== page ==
Everyone agrees the consequences of eclipsing a 2C rise will be devastating from a human and economic standpoint. At the very least, it will cause sea level rise and many more extreme weather events like Hurricane Sandy, which carries estimated losses nearing $80 billion, and Typhoon Bopha in the Philippines, which left nearly 1,000 people dead or missing even as the talks were happening.
Surpassing the 2C mark will bring food and water shortages, wipe out habitats and coastal communities, cause deserts to spread, and exacerbate the frequency and severity of droughts. The world's poorest people will bear most of the burden.
"The alarm bells are going off all over the place," says Alden Meyer, of the Union of Concerned Scientists. "We are in a crisis and treating it like a process where we can dither away forever."
Kumi Naidoo, executive director of Greenpeace International, issued the following statement at the end of the Doha gathering:
“Today we ask the politicians in Doha: Which planet are you on? Clearly not the planet where people are dying from storms, floods and droughts. Nor the planet where renewable energy is growing rapidly and increasing constraints are being placed on the use of dirty fuels such as coal. The talks in Doha were always going to be a modest affair, but they failed to live up to even the historically low expectations.”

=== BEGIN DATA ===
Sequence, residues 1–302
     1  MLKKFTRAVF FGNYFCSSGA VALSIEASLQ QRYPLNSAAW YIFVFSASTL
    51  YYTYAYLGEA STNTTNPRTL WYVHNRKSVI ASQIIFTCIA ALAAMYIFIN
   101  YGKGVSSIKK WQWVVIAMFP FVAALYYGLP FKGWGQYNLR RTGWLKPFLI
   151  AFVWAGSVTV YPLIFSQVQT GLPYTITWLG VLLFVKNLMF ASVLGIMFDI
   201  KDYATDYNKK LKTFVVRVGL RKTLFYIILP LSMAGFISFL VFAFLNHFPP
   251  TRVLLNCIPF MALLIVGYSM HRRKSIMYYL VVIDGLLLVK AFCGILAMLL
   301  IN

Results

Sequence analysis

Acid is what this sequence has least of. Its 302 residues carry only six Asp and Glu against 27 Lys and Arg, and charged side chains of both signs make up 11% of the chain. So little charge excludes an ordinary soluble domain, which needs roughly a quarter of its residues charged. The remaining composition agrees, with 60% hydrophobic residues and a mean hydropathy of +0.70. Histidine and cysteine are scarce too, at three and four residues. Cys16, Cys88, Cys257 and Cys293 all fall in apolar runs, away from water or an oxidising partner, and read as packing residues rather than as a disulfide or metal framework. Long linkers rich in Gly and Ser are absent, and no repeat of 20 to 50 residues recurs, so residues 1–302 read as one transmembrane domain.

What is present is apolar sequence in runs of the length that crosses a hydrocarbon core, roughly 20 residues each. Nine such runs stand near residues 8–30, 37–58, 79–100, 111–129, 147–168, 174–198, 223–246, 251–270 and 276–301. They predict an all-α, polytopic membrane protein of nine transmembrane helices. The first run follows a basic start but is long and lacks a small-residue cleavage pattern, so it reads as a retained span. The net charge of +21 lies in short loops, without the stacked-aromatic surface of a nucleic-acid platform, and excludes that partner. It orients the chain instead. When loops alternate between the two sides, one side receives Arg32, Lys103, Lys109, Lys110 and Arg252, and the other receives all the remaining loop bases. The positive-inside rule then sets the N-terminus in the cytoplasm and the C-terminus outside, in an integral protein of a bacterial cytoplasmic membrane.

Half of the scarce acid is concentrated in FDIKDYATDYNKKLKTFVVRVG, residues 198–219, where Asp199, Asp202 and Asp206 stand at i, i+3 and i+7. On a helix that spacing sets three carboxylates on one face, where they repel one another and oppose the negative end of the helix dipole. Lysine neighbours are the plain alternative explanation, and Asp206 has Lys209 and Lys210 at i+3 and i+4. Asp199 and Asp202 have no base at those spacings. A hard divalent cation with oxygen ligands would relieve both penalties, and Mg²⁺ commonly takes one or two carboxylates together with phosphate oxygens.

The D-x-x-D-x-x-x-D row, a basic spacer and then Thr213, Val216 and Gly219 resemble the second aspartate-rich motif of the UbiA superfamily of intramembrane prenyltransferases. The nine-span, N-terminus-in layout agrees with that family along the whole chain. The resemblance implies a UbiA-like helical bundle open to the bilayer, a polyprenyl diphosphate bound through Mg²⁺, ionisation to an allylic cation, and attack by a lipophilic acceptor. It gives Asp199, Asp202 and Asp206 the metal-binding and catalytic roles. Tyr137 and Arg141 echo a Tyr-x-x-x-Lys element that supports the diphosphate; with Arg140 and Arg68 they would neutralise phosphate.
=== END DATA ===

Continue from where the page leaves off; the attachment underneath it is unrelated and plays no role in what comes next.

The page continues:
“Where is the urgency? The pace of progress is glacial. The inability of governments to find common ground to combat a common threat is inexplicable and unacceptable. It appears governments are putting national short term interest ahead of long term global survival.”
The Koch Brothers Strike Again
At least some of the blame for the ongoing paralysis can be traced back to the US – where Charles and David Koch are spending millions to defeat any piece of legislation or to attack any elected official who threatens the billions that they make from fossil fuels.
The result has been a deadlock that is now casting a pall over international climate policy, suggests a new analysis published by the International Forum on Globalization.